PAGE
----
Visual Art

Chuck's Good Luck

Chippewa Falls animator “draws” attention

Caitlin Heidbrink, photos by Sarah Word |

Lucky Radish Studios has been very lucky indeed. Perhaps the sheer creative talent behind its creator and ultimate force had an impact, too.

Chuck Gamble, animator, web designer, and all-around artist, started Lucky Radish in Chippewa Falls. His studio has worked for popular clients, ranging from Kellogg’s to Kodak, and Nabisco to Netscape. The list goes on. As clearly points out, referring to his work as animation is simply too simple. Artistic products include album covers, children’s books, original characters, and web design.

With his Wisconsin roots, Gamble received an art degree at UW-La Crosse before continuing his education at the Rochester Institute of Technology in Rochester, N.Y. Gamble says he chose the Institute because it was the only school at the time that offered a graduate degree in computer animation.

From East Coast to West, Gamble moved to Seattle, Wash., in 1994 to pursue a job with a computer game company, Headbone Interactive. He worked as the creative director and executive producer, across the board of production, from CD-ROM, to animation, to voice work and character design. This small but award-winning company quickly gained speed and needed shelf space to sell their software. Because competing with conglomerates like Sony can be a relative challenge, Headbone went to online sales. As many companies have seen, the Internet gaming community can be a hot commodity and great place for success. Working with an online activity site also led Headbone to produce an award-winning broadcast television cartoon for Discovery Kids. Beyond Headbone, Gamble freelances animation and illustrations to various clients, and is now mainly focused on web design.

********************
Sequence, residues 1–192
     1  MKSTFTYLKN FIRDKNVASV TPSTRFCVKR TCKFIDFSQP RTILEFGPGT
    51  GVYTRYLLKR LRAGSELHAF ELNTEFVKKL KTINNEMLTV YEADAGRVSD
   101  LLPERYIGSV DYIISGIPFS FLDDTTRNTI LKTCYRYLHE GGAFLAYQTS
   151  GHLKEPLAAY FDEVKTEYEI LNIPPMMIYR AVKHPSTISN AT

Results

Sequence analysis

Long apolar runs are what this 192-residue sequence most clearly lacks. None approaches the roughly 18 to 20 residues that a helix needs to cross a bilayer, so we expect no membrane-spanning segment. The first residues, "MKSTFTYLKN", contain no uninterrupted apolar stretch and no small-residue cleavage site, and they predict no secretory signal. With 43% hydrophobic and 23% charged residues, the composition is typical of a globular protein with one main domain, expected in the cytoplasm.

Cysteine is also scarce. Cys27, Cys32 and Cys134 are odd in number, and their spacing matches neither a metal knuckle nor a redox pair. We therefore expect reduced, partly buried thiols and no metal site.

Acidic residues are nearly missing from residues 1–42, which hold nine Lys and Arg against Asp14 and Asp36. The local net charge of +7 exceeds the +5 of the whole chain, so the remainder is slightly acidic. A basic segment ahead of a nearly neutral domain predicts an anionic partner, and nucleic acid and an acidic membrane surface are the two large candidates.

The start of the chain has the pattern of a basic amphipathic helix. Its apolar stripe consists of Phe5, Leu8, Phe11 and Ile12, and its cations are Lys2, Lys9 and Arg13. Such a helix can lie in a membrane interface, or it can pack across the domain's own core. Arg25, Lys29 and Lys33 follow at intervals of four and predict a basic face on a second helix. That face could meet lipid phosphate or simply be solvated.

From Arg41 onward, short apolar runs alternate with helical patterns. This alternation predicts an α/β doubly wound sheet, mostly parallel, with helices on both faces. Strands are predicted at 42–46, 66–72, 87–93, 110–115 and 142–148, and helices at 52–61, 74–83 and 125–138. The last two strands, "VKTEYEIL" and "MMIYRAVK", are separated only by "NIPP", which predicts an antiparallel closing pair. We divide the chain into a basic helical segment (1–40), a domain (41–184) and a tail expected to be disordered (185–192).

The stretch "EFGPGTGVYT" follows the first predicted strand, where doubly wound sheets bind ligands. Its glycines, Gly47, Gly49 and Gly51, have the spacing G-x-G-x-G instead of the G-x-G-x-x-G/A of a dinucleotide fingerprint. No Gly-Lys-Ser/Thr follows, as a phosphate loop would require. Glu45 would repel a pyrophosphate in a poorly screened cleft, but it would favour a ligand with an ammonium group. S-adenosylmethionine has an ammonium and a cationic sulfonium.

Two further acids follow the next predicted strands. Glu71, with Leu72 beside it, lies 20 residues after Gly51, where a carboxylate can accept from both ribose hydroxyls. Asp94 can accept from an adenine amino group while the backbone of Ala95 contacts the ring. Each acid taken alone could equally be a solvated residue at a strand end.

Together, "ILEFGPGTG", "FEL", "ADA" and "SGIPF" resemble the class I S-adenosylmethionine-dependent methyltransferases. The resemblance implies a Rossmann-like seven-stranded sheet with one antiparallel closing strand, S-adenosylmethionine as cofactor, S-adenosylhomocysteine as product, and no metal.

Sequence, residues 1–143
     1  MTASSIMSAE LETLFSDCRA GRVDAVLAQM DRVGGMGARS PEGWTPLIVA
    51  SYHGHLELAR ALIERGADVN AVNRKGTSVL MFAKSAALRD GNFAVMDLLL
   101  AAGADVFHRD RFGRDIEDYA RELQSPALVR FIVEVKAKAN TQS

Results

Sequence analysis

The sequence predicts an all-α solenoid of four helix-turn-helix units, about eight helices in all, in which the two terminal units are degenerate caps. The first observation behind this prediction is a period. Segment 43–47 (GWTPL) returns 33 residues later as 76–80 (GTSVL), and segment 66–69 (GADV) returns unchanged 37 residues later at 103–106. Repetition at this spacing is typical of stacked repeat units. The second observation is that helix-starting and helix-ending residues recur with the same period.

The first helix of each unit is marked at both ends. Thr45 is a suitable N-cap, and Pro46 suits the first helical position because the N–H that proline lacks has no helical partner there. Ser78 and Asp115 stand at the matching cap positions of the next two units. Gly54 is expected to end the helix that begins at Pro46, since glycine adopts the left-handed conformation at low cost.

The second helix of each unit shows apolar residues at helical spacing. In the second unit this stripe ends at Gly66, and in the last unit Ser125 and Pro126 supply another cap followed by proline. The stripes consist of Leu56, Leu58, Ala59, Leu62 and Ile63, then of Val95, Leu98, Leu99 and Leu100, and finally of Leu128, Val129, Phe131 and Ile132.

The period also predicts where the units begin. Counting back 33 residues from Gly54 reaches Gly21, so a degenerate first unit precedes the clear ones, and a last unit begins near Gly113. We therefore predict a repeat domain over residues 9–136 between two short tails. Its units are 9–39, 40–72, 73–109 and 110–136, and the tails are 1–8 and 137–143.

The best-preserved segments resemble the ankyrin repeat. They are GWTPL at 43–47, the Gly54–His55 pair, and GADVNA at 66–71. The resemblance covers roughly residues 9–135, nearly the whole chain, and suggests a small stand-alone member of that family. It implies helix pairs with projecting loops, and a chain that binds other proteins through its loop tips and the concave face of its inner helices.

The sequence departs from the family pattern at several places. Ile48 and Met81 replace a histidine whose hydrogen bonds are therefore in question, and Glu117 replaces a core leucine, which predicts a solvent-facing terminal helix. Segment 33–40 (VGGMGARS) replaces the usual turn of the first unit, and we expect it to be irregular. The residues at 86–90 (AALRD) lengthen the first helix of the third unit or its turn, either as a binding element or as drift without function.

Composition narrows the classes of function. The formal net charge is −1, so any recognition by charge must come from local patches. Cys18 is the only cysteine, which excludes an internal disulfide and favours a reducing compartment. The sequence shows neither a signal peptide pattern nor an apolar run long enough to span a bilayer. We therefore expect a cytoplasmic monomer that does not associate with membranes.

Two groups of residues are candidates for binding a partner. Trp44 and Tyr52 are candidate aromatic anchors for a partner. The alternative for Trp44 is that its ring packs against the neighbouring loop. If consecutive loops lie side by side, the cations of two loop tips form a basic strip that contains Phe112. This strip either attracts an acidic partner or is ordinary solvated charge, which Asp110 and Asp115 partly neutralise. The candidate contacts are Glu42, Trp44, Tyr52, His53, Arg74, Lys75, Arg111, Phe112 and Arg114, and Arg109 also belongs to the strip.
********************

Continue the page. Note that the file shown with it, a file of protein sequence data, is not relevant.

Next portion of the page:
As his two daughters grew older, Gamble moved his family back to the Midwest. It is here that he launched Lucky Radish, a way for Gamble to continue disseminating his work across the country.

    This ongoing creativity also extends to Gamble’s wife, who is an interior designer. He says her work is more difficult to transfer from city to city, as it requires visiting clients’ homes and cannot simply be done by computer.

As one would imagine, it’s tough to beat the art scene of New York or Seattle. Gamble explains that it takes more effort to find outlets in the Chippewa Valley, but there is definitely a buzzing art network.

Although a diverse, metropolitan scene can do wonders for any artist, Gamble notes that a lot of his work comes from lifelong sources.

“I started as a kid, just drawing and really enjoying it and never really stopped,” said Gamble. In addition, he picks up inspiration from print.

“I was and am a huge fan of cartoons and animated stuff in general. I read a lot and kind of absorb it,” he says.

For all the aspiring artists, Gamble says one of the best ways to break the glass ceiling is YouTube, an entity he wished was available when he started. Although video hosting sites are spilling over with content, he says it’s still a great way for animators to gain attention.

From a humble beginning, scribbling in a notebook during recess, Gamble has wedged his way into one of the most technologically advanced areas of media business. It seems the ingredient for success here, involves not only an intense imagination, not just the skills to prove it, but a relentless force to spread the art.

    Check out Chuck Gamble’s work at